COPLAS talk: Glynn Winskel - Concurrent games and strategies


Concurrent games and strategies are based on event structures, a model of computation which focusses on causal dependencies and conflicts between events, in which histories are represented as partial orders of events - they are closely related to Petri nets. Concurrent games have been advanced as an up-to-date foundation for computation much better suited to the interactive and quantitative aspects of computation as we find it today than, say, traditional domain theory. In this talk I will introduce concurrent games and event structures, outline their successes in a range of areas - in semantics of classical proof, weak memory, probabilistic and quantum computation - and what I see as the important next steps in their development.


Glynn Winskel is professor at University of Cambridge Computer Laboratory and Turing Fellow at The Alan Turing Institute. He was awarded an Advanced Grant by the European Research Council 'Events, Causality and Symmetry---the next generation semantics' in 2011. Also, he is a member of the Academia Europaea.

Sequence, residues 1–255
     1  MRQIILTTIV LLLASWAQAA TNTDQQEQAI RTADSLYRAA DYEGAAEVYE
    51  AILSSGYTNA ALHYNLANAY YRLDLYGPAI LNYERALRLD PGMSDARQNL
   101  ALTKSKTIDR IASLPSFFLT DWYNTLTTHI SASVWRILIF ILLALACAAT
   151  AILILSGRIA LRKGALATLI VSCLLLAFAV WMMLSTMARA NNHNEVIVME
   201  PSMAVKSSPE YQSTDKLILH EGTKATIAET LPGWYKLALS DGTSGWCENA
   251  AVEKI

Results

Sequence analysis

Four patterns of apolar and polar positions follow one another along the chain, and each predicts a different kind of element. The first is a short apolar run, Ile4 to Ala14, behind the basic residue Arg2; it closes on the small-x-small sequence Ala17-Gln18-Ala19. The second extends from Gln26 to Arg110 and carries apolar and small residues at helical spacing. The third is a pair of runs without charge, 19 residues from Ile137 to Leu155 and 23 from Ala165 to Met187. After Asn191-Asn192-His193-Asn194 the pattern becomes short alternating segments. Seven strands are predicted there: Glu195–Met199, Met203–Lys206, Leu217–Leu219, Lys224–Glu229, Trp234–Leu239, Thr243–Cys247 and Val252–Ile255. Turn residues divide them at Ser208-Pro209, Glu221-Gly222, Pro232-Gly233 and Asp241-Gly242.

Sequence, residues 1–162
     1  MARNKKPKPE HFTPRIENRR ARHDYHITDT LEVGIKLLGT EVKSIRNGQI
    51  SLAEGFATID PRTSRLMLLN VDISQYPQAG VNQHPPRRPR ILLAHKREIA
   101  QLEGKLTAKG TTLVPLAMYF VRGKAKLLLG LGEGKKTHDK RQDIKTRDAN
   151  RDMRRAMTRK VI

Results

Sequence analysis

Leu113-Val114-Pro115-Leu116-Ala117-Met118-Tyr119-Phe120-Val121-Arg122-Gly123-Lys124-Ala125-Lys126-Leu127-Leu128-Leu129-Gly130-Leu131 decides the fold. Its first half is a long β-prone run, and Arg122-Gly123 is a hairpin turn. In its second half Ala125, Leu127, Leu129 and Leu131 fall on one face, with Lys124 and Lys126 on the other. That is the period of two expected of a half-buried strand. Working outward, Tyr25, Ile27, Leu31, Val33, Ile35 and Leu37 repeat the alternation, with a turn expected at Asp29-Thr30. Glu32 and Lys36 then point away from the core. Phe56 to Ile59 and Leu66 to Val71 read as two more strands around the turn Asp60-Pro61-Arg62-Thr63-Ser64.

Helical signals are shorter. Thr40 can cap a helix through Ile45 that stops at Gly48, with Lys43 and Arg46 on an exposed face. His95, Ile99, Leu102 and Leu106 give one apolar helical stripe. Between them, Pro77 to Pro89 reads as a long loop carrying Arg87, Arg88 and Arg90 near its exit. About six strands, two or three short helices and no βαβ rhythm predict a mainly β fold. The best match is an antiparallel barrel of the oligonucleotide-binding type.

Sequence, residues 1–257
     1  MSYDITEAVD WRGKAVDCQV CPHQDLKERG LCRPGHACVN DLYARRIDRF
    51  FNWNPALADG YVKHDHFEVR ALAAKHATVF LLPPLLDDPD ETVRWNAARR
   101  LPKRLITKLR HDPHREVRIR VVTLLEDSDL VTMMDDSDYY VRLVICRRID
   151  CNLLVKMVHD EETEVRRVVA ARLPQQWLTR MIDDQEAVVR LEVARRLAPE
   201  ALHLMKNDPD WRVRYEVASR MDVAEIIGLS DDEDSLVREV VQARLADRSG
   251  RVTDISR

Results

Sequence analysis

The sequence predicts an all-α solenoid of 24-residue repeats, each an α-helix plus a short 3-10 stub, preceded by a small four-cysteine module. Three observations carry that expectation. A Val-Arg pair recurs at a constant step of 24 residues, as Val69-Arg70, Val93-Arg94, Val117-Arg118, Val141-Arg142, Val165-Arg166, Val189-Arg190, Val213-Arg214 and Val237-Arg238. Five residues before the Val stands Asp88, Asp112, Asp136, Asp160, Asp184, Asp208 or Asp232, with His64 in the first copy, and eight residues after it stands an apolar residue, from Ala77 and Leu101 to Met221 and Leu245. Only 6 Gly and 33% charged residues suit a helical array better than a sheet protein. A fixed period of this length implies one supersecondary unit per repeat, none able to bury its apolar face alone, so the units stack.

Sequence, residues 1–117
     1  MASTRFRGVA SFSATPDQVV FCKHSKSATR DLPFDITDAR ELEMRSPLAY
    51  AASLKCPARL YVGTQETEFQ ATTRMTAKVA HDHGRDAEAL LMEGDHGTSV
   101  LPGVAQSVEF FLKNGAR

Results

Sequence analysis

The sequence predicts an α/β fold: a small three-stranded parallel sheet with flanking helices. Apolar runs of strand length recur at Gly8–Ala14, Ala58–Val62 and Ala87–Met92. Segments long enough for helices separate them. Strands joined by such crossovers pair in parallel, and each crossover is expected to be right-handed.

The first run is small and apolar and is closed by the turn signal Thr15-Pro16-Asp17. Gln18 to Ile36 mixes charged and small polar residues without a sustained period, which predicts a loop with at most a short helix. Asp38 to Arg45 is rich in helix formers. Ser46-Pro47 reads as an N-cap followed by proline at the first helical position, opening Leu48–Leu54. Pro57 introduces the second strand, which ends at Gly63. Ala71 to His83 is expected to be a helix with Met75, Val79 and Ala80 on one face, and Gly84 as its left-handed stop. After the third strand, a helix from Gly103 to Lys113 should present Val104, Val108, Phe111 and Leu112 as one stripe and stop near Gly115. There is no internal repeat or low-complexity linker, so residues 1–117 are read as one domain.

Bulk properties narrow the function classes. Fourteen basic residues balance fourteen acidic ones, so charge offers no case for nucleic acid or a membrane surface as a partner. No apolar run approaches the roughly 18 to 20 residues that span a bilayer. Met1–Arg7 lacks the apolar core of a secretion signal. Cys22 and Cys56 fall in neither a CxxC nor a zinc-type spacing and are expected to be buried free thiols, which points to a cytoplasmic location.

He is probably best known for his work generalising the methodology of domain theory and denotational semantics to concurrent computation, and as the main developer of event structures. He sees his research as developing the mathematics with which to understand and analyze computation, its nature, power and limitations. Computation today is highly distributed and interactive, often probabilistic, and sometimes based in quantum theory or biology. Traditional models fall short: they are either too low level (as with 'Turing machines') or have abstracted too early from operational and quantitative concerns (the case with domain theory, the classical foundation of denotational semantics). His distributed games arguably provide the most versatile foundation for denotational semantics we have.

The talk will be up to 2x45 minutes